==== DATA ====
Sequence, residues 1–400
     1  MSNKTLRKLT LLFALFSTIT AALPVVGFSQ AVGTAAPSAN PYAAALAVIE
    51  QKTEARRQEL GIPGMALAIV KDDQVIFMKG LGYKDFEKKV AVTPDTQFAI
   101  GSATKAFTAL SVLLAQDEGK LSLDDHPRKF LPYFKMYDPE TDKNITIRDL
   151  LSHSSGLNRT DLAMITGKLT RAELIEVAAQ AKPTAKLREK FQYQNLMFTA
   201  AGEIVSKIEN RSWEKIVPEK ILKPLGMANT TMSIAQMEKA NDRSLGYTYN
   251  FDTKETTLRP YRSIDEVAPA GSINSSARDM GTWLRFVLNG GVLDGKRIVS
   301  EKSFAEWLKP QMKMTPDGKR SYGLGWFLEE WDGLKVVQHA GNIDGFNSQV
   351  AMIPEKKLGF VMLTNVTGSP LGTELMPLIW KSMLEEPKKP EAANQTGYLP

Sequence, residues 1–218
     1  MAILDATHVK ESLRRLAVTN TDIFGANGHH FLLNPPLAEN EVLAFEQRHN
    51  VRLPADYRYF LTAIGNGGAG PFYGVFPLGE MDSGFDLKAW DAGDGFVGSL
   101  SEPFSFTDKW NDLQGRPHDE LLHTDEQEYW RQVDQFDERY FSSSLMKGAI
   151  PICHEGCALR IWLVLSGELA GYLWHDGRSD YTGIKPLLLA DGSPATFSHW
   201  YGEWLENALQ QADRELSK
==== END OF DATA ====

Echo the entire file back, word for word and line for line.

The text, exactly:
Sequence, residues 1–400
     1  MSNKTLRKLT LLFALFSTIT AALPVVGFSQ AVGTAAPSAN PYAAALAVIE
    51  QKTEARRQEL GIPGMALAIV KDDQVIFMKG LGYKDFEKKV AVTPDTQFAI
   101  GSATKAFTAL SVLLAQDEGK LSLDDHPRKF LPYFKMYDPE TDKNITIRDL
   151  LSHSSGLNRT DLAMITGKLT RAELIEVAAQ AKPTAKLREK FQYQNLMFTA
   201  AGEIVSKIEN RSWEKIVPEK ILKPLGMANT TMSIAQMEKA NDRSLGYTYN
   251  FDTKETTLRP YRSIDEVAPA GSINSSARDM GTWLRFVLNG GVLDGKRIVS
   301  EKSFAEWLKP QMKMTPDGKR SYGLGWFLEE WDGLKVVQHA GNIDGFNSQV
   351  AMIPEKKLGF VMLTNVTGSP LGTELMPLIW KSMLEEPKKP EAANQTGYLP

Sequence, residues 1–218
     1  MAILDATHVK ESLRRLAVTN TDIFGANGHH FLLNPPLAEN EVLAFEQRHN
    51  VRLPADYRYF LTAIGNGGAG PFYGVFPLGE MDSGFDLKAW DAGDGFVGSL
   101  SEPFSFTDKW NDLQGRPHDE LLHTDEQEYW RQVDQFDERY FSSSLMKGAI
   151  PICHEGCALR IWLVLSGELA GYLWHDGRSD YTGIKPLLLA DGSPATFSHW
   201  YGEWLENALQ QADRELSK